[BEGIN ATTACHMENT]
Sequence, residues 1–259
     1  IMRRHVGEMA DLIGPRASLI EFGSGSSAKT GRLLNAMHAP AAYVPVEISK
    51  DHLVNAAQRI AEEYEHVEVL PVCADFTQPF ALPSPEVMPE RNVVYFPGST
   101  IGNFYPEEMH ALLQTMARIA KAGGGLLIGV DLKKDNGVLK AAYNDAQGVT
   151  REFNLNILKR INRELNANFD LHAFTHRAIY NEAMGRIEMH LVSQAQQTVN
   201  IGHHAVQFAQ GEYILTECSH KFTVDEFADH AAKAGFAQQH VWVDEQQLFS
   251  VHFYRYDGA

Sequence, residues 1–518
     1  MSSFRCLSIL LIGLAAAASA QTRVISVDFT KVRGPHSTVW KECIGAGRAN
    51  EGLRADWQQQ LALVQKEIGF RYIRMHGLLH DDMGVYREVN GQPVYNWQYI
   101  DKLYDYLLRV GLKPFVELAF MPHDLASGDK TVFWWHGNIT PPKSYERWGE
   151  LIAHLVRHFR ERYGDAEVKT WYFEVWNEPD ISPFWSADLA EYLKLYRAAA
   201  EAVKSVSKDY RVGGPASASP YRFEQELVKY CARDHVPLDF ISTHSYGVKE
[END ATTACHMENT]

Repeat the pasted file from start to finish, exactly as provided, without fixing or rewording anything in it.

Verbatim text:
Sequence, residues 1–259
     1  IMRRHVGEMA DLIGPRASLI EFGSGSSAKT GRLLNAMHAP AAYVPVEISK
    51  DHLVNAAQRI AEEYEHVEVL PVCADFTQPF ALPSPEVMPE RNVVYFPGST
   101  IGNFYPEEMH ALLQTMARIA KAGGGLLIGV DLKKDNGVLK AAYNDAQGVT
   151  REFNLNILKR INRELNANFD LHAFTHRAIY NEAMGRIEMH LVSQAQQTVN
   201  IGHHAVQFAQ GEYILTECSH KFTVDEFADH AAKAGFAQQH VWVDEQQLFS
   251  VHFYRYDGA

Sequence, residues 1–518
     1  MSSFRCLSIL LIGLAAAASA QTRVISVDFT KVRGPHSTVW KECIGAGRAN
    51  EGLRADWQQQ LALVQKEIGF RYIRMHGLLH DDMGVYREVN GQPVYNWQYI
   101  DKLYDYLLRV GLKPFVELAF MPHDLASGDK TVFWWHGNIT PPKSYERWGE
   151  LIAHLVRHFR ERYGDAEVKT WYFEVWNEPD ISPFWSADLA EYLKLYRAAA
   201  EAVKSVSKDY RVGGPASASP YRFEQELVKY CARDHVPLDF ISTHSYGVKE